The Rosetta Stone is an ancient artifact discovered in 1799 in Rosetta, Egypt. It contains an inscription in three scripts: Greek, Egyptian hieroglyphs, and Egyptian demotic script. The text is a decree issued in 196 BC on behalf of King Ptolemy V. The stone was significant because it provided the key to deciphering Egyptian hieroglyphs. Jean-François Champollion, a French scholar, successfully deciphered the hieroglyphs in 1822 by comparing them with the known Greek text, unlocking the mysteries of ancient Egyptian civilization. Today, the Rosetta Stone is displayed in the British Museum in London.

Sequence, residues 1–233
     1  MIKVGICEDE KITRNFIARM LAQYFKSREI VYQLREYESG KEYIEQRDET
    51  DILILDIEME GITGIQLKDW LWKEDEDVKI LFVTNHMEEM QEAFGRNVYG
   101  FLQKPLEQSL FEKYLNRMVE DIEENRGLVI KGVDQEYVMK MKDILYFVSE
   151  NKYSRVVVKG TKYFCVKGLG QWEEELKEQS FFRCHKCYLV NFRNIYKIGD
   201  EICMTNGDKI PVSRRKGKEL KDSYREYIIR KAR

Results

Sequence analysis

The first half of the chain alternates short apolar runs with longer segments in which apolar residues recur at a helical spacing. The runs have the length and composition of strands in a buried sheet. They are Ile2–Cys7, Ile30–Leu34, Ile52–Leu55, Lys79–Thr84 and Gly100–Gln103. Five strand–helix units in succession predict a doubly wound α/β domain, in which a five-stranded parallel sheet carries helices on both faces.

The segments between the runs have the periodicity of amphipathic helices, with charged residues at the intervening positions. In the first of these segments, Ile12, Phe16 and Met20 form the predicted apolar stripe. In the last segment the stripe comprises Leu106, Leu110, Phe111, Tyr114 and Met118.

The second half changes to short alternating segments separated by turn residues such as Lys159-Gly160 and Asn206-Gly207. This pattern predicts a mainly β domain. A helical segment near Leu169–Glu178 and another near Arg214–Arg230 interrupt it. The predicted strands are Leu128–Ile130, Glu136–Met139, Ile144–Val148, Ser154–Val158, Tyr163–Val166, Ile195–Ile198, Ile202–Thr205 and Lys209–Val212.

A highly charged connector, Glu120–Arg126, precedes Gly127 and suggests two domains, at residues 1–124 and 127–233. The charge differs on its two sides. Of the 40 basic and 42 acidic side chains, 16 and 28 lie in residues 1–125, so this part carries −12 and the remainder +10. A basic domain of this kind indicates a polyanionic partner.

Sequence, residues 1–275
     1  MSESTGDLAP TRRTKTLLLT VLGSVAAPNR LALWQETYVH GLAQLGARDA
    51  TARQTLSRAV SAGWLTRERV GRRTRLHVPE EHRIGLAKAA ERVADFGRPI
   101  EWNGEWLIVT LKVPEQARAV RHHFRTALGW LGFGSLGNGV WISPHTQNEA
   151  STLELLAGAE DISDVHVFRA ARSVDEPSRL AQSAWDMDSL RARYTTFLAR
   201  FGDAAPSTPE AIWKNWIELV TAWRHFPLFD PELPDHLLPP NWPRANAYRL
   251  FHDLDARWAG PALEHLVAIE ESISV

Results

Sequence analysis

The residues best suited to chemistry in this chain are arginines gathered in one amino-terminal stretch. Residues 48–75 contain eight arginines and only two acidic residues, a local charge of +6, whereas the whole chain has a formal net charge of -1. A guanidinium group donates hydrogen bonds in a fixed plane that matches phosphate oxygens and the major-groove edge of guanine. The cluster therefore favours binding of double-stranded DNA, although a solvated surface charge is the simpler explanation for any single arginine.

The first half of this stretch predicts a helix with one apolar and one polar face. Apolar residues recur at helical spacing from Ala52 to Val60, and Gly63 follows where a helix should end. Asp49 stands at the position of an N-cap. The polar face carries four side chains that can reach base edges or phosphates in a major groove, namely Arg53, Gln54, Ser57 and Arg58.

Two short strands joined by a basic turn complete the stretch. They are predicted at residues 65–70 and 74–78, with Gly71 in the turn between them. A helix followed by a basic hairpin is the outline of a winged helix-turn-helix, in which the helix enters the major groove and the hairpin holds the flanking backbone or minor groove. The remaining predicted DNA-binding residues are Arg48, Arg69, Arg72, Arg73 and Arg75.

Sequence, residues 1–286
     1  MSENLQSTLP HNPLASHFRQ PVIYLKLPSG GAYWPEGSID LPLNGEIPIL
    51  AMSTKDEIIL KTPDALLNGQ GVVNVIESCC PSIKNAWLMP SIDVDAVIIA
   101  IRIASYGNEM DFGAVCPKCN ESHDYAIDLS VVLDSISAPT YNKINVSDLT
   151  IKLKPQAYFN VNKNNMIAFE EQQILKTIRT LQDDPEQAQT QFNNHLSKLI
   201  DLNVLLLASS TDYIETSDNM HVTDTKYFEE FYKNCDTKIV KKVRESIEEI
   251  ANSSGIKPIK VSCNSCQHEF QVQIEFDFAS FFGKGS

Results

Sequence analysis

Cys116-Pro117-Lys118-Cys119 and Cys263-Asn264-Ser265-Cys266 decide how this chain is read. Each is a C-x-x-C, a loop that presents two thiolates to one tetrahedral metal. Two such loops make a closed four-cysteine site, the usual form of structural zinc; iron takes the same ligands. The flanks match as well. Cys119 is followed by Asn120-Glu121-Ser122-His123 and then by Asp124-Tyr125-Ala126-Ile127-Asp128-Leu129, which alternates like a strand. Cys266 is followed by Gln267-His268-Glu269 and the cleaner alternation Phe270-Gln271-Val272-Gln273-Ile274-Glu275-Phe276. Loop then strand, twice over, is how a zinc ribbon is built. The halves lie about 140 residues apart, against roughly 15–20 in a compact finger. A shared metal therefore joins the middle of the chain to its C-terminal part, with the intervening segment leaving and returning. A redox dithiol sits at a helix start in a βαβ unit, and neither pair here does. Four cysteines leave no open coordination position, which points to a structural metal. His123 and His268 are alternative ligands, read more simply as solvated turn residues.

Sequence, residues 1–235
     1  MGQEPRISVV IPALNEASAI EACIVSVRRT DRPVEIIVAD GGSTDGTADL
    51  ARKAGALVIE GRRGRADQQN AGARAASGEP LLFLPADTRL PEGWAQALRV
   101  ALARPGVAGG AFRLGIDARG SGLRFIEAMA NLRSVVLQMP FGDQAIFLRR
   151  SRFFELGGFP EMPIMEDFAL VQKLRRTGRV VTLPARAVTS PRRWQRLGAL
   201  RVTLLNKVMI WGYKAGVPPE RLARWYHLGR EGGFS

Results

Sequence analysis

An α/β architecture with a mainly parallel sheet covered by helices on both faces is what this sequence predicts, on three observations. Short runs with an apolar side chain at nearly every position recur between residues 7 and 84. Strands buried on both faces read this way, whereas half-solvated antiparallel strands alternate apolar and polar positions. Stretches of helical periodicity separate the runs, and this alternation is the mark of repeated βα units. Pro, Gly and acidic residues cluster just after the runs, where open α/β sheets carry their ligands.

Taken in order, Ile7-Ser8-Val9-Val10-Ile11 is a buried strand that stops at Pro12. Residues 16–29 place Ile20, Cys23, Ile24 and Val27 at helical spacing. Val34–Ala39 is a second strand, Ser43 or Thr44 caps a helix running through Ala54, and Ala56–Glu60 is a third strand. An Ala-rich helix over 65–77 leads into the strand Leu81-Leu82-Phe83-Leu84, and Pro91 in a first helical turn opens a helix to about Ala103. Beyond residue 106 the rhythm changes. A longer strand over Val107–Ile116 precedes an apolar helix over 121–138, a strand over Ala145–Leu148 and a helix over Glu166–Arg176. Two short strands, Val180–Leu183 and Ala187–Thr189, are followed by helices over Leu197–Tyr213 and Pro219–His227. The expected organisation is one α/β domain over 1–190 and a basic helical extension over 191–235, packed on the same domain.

“The council and the priests and the people having resolved at the assembly, it seemed good to them to honours king Ptolemy, the ever-living, the beloved of Ptah, the god Epiphanes Eucharistos; for his piety towards the gods, and his beneficence towards his parents; and his love of his country; and his kind disposition towards the Senators and People of Alexandria; and his equity in regard to every part of Egypt; and his having restored the country of the Egyptians, when it was oppressed by the Syrians, and the Libyans, and the Kappadokians, and the Arabs, —tribes that had been destroyed of old by his father Ptolemy the ever-living, —and had settled there as guards of the country, after he had expelled the afore-mentioned nations, and those who were in the cities and the temples, and every rank of men and every family of distinction, every one of whom he restored to his place and his privileges.”